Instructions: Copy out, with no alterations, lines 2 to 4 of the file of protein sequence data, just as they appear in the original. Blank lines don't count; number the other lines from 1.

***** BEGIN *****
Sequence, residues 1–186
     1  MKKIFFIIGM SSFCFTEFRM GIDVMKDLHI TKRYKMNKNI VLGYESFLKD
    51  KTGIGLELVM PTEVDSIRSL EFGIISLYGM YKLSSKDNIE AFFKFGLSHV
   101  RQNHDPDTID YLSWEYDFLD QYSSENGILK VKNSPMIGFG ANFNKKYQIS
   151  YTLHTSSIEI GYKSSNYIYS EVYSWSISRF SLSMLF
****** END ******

     1  MKKIFFIIGM SSFCFTEFRM GIDVMKDLHI TKRYKMNKNI VLGYESFLKD
    51  KTGIGLELVM PTEVDSIRSL EFGIISLYGM YKLSSKDNIE AFFKFGLSHV
   101  RQNHDPDTID YLSWEYDFLD QYSSENGILK VKNSPMIGFG ANFNKKYQIS